Too Secret? The Secret Service’s Long, Troubling History of Omerta
The conduct of the Secret Service during the January 6 Capitol attack was highly confusing, but the ongoing kerfuffle over its erratic behavior elides one consistent fact: Our modern-day Praetorian Guard has long been a problematic institution.
As I wrote last week, although the Secret Service’s actions around the JFK assassination were most egregiously suspect, the history of our elected officials’ bodyguards is riddled with scandal and incompetence. Despite this, the agency itself — with its more than $2 billion annual budget — has never been seriously investigated or called out for its failings. And it’s naive to believe that the ongoing and widening text message scandal will change this sad status quo.
In apparent violation of agency policy, as many as 10 agents on the security details of Donald Trump and Mike Pence may have sent text messages on or before the Capitol riots on January 5 and 6, 2021, only to either delete them or to have the agency conveniently “lose” them when they were requested by Congress. Only one message was turned over to the January 6 committee.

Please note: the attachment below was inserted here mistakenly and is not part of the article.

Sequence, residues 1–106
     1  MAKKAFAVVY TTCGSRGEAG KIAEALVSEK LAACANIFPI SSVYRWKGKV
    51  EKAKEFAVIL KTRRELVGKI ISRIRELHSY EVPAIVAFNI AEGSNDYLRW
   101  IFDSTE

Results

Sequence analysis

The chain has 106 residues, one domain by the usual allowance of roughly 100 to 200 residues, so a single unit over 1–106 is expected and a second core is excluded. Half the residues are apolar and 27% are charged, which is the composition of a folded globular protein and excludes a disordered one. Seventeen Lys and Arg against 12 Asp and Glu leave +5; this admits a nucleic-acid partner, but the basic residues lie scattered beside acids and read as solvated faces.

Joseph Cuffari, the Trump-appointed inspector general of the Department of Homeland Security, has opened a criminal investigation, but since Cuffari may have known about the vanishing texts months before he told Congress, several top Congressional Democrats are asking him to recuse himself. Meanwhile, top agents and security officials — including Anthony Ornato, who was a top aide in the Trump White House while still carrying a Secre
Article from LewRockwell